By the way, I didn't think that way 10 years ago. This is something I've come to feel much more strongly about the last couple of years. I'm sure that's a reflection of my age and job.

Today there are several people within DreamWorks who are the students who became better than the teacher. I'm thrilled. I find myself getting completely comfortable with the idea that if somebody else can do my job as good, let alone better, that's O.K. Let me move on and find something else to do.

That was an interesting transition to make. You know full well I am someone who's spent a very good part of my career as a micromanager. And if you talk about attributes that were my least good attributes, being a micromanager would certainly be on the top of my list. What I have learned recently is to be a selective micromanager. There are times when it's actually good to be a micromanager, but mostly not.

Q. So what happened?

A. I don't know, just with time, the quality of the people around me impressed me. I started to realize that if I wanted to stay surrounded by great people, I had to get out of their way and create the room and make sure they started to get the recognition and the credit and everything that goes with it. Honestly, it allowed me to stay around longer.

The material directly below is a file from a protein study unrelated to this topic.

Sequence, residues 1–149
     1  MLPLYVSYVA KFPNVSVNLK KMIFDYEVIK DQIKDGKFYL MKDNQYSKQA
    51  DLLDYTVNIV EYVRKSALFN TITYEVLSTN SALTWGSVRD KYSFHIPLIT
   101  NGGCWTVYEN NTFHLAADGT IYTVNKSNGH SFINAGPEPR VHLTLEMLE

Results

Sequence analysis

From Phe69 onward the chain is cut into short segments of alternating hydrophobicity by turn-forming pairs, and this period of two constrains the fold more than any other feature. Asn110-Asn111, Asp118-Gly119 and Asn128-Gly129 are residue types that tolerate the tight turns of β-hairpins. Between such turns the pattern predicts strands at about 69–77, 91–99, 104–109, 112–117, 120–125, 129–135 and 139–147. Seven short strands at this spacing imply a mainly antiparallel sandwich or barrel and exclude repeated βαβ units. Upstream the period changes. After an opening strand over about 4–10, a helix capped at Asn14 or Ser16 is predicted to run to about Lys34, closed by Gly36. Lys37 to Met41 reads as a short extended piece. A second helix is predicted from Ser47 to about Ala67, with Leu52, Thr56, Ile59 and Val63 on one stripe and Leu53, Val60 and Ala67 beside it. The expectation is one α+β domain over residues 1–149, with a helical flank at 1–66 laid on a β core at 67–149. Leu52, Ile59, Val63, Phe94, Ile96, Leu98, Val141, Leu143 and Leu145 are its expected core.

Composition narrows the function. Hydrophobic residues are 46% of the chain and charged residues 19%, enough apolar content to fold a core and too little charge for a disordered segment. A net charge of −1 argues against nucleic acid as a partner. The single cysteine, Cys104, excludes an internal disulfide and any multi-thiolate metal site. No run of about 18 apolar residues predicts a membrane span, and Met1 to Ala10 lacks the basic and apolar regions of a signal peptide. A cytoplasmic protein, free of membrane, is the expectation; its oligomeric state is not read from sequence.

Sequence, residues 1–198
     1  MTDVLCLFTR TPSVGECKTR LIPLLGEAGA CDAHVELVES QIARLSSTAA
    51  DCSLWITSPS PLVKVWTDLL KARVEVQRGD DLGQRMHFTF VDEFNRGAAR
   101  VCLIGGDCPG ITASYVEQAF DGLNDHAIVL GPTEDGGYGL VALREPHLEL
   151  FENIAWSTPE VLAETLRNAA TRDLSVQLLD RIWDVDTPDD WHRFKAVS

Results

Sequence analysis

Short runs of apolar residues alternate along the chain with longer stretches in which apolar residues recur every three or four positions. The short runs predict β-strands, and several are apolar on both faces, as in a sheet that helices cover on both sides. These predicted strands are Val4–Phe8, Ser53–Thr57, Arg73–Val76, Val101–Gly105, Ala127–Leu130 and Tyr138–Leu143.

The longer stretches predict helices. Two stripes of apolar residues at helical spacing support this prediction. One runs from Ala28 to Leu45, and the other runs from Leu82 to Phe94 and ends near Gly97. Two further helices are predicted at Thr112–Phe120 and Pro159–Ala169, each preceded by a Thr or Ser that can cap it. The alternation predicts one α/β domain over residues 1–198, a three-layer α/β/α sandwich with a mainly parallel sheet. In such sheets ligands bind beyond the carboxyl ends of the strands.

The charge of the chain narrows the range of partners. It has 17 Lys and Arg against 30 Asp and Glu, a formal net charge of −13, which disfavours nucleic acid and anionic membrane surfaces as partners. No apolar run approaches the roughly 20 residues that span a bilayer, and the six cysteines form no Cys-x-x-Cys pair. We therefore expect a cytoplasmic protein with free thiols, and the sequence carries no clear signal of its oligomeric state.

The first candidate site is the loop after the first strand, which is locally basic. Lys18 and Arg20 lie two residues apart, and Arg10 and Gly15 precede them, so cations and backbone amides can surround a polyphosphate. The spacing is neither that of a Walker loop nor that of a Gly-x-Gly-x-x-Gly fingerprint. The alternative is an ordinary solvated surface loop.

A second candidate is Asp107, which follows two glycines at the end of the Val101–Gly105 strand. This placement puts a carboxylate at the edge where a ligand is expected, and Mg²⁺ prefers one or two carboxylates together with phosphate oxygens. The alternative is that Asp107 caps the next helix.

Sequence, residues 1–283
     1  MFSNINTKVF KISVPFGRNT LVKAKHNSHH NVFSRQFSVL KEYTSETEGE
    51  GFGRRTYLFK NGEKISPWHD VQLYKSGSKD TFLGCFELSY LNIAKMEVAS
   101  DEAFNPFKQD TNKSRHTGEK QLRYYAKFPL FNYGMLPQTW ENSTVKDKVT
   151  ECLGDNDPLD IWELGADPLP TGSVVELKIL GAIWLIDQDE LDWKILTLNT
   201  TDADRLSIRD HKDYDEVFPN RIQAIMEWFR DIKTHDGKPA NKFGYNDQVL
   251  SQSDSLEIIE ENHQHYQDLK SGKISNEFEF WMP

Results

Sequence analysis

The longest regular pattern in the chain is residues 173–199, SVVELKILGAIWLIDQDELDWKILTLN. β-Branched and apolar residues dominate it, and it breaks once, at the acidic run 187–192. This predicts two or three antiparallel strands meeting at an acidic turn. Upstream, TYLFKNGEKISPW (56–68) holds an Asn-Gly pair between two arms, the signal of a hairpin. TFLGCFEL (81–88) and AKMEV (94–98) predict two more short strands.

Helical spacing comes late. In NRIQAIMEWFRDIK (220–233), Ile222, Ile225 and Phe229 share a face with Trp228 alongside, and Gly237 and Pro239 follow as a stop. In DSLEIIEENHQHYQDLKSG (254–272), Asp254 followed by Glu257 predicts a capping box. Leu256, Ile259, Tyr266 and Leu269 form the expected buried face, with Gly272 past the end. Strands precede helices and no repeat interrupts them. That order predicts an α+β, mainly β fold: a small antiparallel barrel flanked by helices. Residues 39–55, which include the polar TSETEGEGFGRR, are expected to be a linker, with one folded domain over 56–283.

Q. So how do you decide when it's time to micromanage and when it's time to stay out of the sandbox?

A. It's an hourly process of when to get in and when not to and to know when it matters. One of the up-and-coming superstars who works with us is Bill Damaschke, who's the head creative guy at the studio. He said this amazing thing to me a couple years ago that has just resonated with me day after day after day. He said, "Jeffrey, different is not necessarily better."

Q. And can you explain more about what that means?

A. If an actor says a line in one particular way that I like and the director likes another way, my different idea isn't always better. Sometimes it is, but not always, and that's the thing Bill has made me really think about. When I have a reaction to something, now there's a five-second tape delay. I try to self-edit in that way if I can.

For decades, I would always go first in meetings to discuss opinions on stories, a sequence, design, artwork or a music score. I don't like to go first anymore. I actually like to hear what other people have to say first.

Q. Any other lessons you've learned over time?

A. Because I have so loved what I do, for many, many years, I kind of do it morning, noon and night, 24/7. Something that I was kind of oblivious to for a long period of time is that ended up setting a pace for everyone else, and they assumed if the boss is working 24/7, then we all must work 24/7. That's not such a good thing because not everyone loves it as much as I do, and it's not actually how you get the best out of people.

So for many years, our studio used to, particularly when we were in the rush of finishing a production, we always would work six-day weeks and sometimes seven, and the burnout factor of that started to become meaningful. So we actually strive really, really, really hard today not to work a sixth day, since the quality of work in that sixth day is just not at the same level.

Since we're not in the quantity business but the quality business, it's a big difference. So for our 2,000 artists, it's critical to recharge and have outside interests and experience other things. It's like fuel.